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WORKING IN SWITZERLAND

What is the average salary for (almost) every job in Switzerland?

New official figures cast light onto how much the Swiss earn on average in different professions.

Thinking of a career change or just want to compare your salary? Here's how much people earn in Switzerland. Photo by National Cancer Institute on Unsplash
Thinking of a career change or just want to compare your salary? Here's how much people earn in Switzerland. Photo by National Cancer Institute on Unsplash

A report, put together by Switzerland’s Federal Statistical Office and released on Monday, shows how much people in major professions earn on average. 

The figures show a stark difference between the averages in different professions in Switzerland. 

What is the average wage in Switzerland? 

With an average monthly gross income of 6,555 francs (€6,385, £5,358 , $US7008), Switzerland has some of the highest salaries in the world. 

The comparatively low tax burden in Switzerland, particularly compared to other European countries, leads to a significantly high take-home pay.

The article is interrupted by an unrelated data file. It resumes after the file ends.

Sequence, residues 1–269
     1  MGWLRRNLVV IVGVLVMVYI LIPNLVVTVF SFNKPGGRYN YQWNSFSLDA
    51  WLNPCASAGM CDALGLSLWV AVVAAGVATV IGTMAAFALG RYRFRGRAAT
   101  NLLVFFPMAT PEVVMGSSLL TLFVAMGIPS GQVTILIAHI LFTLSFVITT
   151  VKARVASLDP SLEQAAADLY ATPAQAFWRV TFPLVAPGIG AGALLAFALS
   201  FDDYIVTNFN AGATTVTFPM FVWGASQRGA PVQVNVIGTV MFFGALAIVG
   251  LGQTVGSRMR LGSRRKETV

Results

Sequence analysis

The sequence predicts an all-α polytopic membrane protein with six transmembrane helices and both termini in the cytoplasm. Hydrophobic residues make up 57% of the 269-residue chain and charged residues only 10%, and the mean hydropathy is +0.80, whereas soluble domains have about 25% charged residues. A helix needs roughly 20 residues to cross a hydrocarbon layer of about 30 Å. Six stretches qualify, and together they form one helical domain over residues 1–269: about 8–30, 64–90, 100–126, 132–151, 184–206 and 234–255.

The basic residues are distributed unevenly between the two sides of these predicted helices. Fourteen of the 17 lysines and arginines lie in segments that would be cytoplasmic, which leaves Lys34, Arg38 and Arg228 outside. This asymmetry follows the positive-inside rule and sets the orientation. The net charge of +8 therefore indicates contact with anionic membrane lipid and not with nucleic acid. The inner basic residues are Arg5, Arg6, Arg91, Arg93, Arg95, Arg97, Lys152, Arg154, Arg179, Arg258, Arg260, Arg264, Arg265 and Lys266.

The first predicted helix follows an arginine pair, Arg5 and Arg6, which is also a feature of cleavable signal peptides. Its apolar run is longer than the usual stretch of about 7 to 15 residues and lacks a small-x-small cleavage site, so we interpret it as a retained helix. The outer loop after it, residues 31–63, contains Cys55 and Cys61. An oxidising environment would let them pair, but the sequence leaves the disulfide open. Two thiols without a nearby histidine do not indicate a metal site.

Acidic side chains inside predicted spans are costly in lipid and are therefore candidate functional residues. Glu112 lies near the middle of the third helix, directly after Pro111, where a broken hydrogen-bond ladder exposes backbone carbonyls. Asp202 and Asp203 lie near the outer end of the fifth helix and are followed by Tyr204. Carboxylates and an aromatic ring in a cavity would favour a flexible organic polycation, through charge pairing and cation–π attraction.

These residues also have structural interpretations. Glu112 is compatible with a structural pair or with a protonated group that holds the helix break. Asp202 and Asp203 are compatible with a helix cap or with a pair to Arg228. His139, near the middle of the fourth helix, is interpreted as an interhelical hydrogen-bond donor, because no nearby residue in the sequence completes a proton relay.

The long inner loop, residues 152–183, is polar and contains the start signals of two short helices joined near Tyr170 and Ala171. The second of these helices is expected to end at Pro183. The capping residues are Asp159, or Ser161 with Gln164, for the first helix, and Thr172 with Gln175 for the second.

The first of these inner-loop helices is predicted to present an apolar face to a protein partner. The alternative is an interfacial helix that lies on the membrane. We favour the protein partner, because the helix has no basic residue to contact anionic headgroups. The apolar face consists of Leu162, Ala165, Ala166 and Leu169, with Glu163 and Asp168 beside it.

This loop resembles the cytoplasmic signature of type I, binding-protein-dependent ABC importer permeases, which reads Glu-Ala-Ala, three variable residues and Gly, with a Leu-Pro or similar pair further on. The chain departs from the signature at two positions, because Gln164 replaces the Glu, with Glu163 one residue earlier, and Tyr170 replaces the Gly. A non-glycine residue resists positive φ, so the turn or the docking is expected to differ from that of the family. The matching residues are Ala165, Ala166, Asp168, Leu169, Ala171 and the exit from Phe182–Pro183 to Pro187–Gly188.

Around one in ten Swiss residents are considered ‘low wage earners’, which means they take home less than two thirds of the median wage each month (CHF4443). 

Around half a million people are in this category, two thirds of which are women. 

On the whole however, the wage gap between men and women in Switzerland has shrunk over time. 

What do teachers earn in Switzerland – and where do they earn the most?

Women earn 10.8 percent less than men, which compares positively to the 11.5 percent gap in 2018 and the 12 percent gap in 2016. 

The man reason for the gap is the higher proportion of men in management roles than women. Men in this category earn 16.8 percent more than women. 

What are the average salaries for different jobs in Switzerland? 

Perhaps unsurprisingly, average salaries in the finance industry are the highest of any sector, with finance workers earning CHF10,211 per month. 

Workers in the pharmaceutical sector earn CHF10,040, followed by CHF9,200 for those in IT. 

At the lower end of the spectrum, workers in hospitality earn CHF4479 per month and those in the retail sector earn CHF4,997 per month. 

The lowest wage category in Switzerland is the ‘personal services sector’, which includes hairdressers, beauticians and undertakers. Workers in that category earn CHF4,211 per month before tax.